The Forests Asia Summit was guided by a landscapes approach: a broad framework that fully integrates all land-based sectors — forestry, agriculture, fisheries, livestock, mining and urban land use — into a sustainable development agenda. It sought to assess performance against broader development goals as set out by the proposed Sustainable Development Goals.
The SDGs — a framework that would replace the Millennium Development Goals (MDGs), which expire in 2015 — are intended to guide global action on health, poverty, hunger, climate and other development challenges.
Forests cut across all of them, maintaining water supplies, helping mitigate climate change, and providing billions of the world’s poorest people with income, food and medicine. Global policy makers know well the value of forests, but development interventions have failed to leverage their contributions to ecosystems and livelihoods.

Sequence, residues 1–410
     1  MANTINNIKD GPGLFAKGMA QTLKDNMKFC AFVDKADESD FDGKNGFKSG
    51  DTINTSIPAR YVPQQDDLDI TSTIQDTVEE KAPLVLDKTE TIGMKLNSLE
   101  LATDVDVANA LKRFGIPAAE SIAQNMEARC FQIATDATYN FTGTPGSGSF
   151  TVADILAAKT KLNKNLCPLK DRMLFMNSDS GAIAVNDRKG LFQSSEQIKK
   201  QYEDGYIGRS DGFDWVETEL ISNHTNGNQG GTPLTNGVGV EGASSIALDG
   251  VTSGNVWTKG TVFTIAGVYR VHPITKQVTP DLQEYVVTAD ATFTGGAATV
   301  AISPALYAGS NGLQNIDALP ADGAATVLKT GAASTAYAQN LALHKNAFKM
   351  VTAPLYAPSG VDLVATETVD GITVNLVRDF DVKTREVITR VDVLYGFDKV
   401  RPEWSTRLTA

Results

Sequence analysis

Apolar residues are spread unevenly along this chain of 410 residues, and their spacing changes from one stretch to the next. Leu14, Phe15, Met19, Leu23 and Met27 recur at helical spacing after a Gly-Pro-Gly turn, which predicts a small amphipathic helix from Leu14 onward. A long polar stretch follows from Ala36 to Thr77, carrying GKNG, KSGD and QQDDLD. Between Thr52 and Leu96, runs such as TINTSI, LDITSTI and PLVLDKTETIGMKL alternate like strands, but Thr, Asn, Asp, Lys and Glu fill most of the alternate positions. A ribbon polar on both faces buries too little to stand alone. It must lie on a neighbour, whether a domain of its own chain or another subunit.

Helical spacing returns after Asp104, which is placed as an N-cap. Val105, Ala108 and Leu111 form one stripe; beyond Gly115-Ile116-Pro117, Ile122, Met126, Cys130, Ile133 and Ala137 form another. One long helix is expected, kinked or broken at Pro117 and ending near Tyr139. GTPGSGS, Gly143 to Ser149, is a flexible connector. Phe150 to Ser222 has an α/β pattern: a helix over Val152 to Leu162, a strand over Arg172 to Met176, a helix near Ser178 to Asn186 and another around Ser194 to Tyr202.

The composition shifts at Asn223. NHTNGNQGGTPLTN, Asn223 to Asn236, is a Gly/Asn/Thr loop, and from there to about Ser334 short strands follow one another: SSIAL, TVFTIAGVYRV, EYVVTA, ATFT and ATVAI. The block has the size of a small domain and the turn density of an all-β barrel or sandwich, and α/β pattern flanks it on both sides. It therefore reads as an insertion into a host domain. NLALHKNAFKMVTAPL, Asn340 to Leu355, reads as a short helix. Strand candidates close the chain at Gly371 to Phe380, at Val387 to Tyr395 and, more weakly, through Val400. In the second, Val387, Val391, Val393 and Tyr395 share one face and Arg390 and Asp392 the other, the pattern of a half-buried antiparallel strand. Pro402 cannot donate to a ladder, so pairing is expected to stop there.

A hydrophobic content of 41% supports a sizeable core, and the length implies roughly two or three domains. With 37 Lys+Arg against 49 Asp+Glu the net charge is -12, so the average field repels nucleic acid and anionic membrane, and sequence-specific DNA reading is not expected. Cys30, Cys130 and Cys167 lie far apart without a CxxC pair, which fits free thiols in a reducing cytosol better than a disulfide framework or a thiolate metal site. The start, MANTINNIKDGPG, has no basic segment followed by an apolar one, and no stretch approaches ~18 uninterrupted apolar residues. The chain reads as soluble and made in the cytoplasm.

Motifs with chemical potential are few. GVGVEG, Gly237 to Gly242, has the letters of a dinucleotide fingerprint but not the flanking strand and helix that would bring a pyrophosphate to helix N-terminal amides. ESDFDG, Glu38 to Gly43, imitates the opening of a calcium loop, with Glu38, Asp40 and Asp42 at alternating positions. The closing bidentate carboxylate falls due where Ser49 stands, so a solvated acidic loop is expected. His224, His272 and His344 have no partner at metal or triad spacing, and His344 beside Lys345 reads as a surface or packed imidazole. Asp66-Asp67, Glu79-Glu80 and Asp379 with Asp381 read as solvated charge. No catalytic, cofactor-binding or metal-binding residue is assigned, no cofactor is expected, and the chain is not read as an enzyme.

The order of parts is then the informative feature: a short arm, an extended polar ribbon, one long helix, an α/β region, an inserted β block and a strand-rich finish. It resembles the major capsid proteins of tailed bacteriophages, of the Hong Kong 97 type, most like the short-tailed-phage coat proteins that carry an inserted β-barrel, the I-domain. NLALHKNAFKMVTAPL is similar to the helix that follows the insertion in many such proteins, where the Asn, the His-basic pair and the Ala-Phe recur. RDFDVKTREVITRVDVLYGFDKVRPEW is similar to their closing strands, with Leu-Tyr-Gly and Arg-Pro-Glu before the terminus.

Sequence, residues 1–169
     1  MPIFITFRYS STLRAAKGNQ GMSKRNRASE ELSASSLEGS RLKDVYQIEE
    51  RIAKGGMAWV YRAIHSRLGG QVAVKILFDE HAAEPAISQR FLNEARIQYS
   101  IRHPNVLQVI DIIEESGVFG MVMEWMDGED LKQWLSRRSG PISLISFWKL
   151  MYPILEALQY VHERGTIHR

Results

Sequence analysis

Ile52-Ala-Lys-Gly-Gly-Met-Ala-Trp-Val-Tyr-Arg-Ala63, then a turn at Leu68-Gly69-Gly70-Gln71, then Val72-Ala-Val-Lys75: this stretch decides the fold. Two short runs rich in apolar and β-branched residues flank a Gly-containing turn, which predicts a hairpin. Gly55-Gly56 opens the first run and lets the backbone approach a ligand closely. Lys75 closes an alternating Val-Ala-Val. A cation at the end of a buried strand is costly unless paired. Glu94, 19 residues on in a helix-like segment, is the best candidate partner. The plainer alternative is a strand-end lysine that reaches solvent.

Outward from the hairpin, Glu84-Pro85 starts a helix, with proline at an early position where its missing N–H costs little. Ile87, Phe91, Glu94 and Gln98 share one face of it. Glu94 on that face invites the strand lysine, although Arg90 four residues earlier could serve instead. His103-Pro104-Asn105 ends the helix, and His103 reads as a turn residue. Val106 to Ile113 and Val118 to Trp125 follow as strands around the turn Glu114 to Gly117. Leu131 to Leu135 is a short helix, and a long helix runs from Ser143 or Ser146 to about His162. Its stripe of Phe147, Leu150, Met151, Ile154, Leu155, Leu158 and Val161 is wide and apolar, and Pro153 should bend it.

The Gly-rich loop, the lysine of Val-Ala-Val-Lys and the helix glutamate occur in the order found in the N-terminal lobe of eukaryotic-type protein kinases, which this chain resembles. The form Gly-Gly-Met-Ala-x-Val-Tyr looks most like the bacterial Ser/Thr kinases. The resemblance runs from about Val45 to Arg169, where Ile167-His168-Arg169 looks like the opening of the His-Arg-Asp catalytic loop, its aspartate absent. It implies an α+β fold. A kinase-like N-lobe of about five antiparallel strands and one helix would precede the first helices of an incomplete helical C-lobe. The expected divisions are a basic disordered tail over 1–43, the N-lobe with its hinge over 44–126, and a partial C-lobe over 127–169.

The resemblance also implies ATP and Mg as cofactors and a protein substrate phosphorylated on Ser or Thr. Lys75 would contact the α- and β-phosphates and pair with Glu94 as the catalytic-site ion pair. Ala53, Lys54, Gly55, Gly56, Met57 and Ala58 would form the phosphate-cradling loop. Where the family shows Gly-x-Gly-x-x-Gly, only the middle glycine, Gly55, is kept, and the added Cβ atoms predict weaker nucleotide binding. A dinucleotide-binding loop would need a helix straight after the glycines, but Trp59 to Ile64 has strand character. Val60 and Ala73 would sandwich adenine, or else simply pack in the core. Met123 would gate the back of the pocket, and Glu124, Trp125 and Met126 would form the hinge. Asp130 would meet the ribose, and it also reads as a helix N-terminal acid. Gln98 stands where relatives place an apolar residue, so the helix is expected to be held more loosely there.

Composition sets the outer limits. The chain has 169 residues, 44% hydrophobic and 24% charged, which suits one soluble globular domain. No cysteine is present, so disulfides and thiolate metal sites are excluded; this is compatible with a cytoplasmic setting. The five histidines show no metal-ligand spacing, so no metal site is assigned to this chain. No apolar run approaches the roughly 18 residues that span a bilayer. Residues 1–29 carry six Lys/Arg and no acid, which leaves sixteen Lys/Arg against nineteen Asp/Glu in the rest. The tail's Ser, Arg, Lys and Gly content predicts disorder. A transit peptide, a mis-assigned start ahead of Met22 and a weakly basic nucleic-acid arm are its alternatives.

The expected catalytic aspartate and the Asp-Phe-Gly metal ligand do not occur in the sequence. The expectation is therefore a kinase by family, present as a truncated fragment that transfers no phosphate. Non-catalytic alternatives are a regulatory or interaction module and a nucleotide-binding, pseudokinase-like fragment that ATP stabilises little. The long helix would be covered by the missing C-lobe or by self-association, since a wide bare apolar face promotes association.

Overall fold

For this reason, CIFOR is leading the call for an SDG on sustainable landscapes, one that would address several landscape functions, such as livelihood provision, ecosystem services and food production — and with forests as a key component. An SDG that includes forests is potentially beneficial not only for the overall development goals, but for the forests themselves.
Indonesia has joined the chorus, calling for a “cross-cutting SDG that includes poverty eradication, sustainable growth and equity, and forests” rather than a specific stand-alone forest goal.
All five of the major themes at the Forests Asia Summit helped to bring into focus how forest landscapes in Asia can feed into, and benefit from, this proposal.
To learn more about how forests fit into a potential SDG on sustainable landscapes, go to blog.cifor.org/SDG.